A Democratic candidate in the Town of Pittsford won a seat on the town council.
    Town Council: Cathleen A. Koshykar

    The Democratic candidate in the Town of Rush defeated the Republican for supervisor, and a Democrat won a seat on the town council.
    Town Supervisor: Gerry Kusse
    Town Council: Amber Corbin

    In the Town of Webster, the Republican incumbent was defeated by his Democratic challenger.
    Town Supervisor: Tom Flaherty

    Democratic candidates in the Village of Fairport beat their two Republican opponents for village trustee.

    Trustee: Emily Mischler
    Trustee: Michael Folino 

  • You Did It!

    Friends,

    Yesterday Monroe Democrats made history. For the first time in 32 years the County Executive seat is blue. We elected the first African American woman to County Court Judge. We picked up seats in the County Legislature, electing the first Asian American and Latina to serve.

    We flipped Webster and Rush blue, and made Democratic gains in town board seats. None of this would have been possible without you. 

    Thanks to our grassroots supporters and Chairs Club members, the committee has the resources it needs to support our Democratic candidates and voters. Thanks to our Democratic allies in government and activism, we share a vision for the county toward which we made substantial progress.

    Last but far from least, none of this would have been possible without the unstoppable army of volunteers who sacrificed countless hours, and then some, for our incredible candidates across the board.

    This is what democracy looks like. Thank you. 

    I am so proud of ALL of our candidates, the Monroe County Democratic Committee’s (MCDC) largest slate in history, who delivered a powerful message of hope and promise for the future of our region. As Democrats, we all proved that the only way we can make change in Monroe County is by devoting ourselves to the cause as a united front. 

    Again, thank you for standing with Team MCDC. We are looking forward to keeping the momentum going and continuing to make history for Democrats in 2020. 

    Sincerely,

    Brittaney M. Wells

    Chairwoman

  • It’s Time to Vote: Important Information for Voting on Tuesday, Nov. 5, in Local and County Races

    It’s time to vote in the general election for local and county offices on Tuesday, November 5. Polls are open 6 a.m. to 9 p.m.

    Don’t Know if You’re Registered to Vote or Where to Vote?

    Use Monroe County’s Online Voter site to find out if you are registered to vote, where you vote, the candidates for which you will be voting (sample ballots are not yet available, but will be soon), to change your voting information (e.g., change your address if you’ve moved), and to request an absentee ballot.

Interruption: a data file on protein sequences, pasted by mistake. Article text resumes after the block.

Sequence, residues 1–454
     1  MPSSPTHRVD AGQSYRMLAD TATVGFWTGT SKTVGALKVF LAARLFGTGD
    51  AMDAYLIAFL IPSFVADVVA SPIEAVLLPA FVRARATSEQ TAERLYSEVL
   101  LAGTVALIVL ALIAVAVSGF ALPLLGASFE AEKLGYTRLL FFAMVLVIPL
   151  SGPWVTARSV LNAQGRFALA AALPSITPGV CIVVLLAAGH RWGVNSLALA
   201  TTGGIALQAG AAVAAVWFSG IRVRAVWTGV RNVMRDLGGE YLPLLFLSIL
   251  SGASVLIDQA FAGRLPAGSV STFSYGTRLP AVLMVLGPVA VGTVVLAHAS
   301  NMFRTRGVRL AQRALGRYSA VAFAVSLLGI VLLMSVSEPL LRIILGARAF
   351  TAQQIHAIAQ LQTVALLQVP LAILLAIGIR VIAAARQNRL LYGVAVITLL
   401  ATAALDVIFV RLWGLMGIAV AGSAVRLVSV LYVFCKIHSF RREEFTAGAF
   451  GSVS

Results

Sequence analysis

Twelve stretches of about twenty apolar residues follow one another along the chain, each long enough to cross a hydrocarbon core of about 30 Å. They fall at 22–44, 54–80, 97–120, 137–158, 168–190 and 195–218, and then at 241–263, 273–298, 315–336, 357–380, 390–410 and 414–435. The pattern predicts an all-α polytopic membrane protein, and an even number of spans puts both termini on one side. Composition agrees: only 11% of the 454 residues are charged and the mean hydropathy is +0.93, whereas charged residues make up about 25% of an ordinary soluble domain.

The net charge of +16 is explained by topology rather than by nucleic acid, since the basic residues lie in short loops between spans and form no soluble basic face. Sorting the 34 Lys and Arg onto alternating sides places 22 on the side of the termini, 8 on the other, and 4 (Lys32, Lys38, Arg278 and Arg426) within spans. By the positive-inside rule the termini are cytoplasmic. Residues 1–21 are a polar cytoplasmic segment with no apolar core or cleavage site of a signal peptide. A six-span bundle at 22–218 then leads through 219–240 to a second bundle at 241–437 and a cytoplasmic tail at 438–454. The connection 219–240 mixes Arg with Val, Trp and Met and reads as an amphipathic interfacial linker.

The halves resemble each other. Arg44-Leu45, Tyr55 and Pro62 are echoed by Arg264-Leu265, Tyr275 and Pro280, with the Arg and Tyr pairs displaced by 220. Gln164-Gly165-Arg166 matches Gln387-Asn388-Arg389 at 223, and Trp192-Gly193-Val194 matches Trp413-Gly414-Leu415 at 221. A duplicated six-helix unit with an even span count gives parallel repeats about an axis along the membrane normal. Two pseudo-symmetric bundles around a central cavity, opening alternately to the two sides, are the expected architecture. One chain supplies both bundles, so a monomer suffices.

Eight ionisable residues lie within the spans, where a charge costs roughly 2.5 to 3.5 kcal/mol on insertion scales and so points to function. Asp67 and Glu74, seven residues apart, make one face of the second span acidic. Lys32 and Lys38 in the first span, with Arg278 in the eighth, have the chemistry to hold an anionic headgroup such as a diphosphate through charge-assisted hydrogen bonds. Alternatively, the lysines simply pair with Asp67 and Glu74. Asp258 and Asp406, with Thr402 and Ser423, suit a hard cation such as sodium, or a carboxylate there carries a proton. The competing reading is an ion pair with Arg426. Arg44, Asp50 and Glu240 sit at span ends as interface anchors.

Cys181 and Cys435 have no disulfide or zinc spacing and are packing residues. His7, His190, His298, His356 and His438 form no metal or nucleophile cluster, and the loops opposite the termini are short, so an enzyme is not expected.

Another great resource is Everything You Need to Know to Vote.

    Who are the Democrats on the Ballot?

    There are many local races this year, so who’s on your ballot is going to vary depending on where you live. There are many races at the community level as well as at the county level, including County Supervisor. Use the Monroe County Online Voter site to see a sample ballot for your community.

    The Monroe County Board of Elections has a complete list of all candidates running in Monroe County in all parties for any elected office.

    Where can I get Information about the Candidates?

    Most candidates have Web sites where you can learn more about them. Do an Internet search using the candidate’s name to find their Web site.

    In addition, a number of non-partisan groups offer candidate information. Examples are:
    The League of Women Voters – New York state
    The League of Women Voters (Rochester chapter)
    Ballotpedia, an encyclopedia of American politics and elections

  • The Monroe County Democrats submit record-breaking number of County-Wide Petitions to the Board of Elections

    The Monroe County Democratic Committee is proud to submit our county-wide petitions for the 2019 election season.

    Our county-wide designated candidates– Clerk Adam Bello for County Executive, Shani Curry-Mitchell for District Attorney and both Karen Bailey Turner and Michael Dollinger for County Court Judge persisted through harsh weather conditions to obtain an abundance of signatures to be placed on this year’s ballot.

    “Despite entering into the petitioning season earlier than expected, we are gratified by the outpouring of volunteers and supporters–resulting in approximately 12,000 county-wide signatures to place our candidates on the ballot in November,” said MCDC Chairwoman Brittaney Wells

    “Given the shortened petition period and the sometimes not so cooperative weather I am really amazed to see this many pages in the Countywide Democratic petition that was filed with the Board of Elections.  In my 20+ years here at the Board I have not seen a filing this large by Democrats in Monroe County” said Board of Election Commissioner Thomas Ferrarese.

    Hundreds of volunteers turned out to walk alongside our candidates collecting more than 7xs the required number of signatures.  Democrats are energized and voters are eager for a change to an effective and transparent county government.

  • Clerk Adam Bello and Mayor Warren Announce 2020 Census Jobs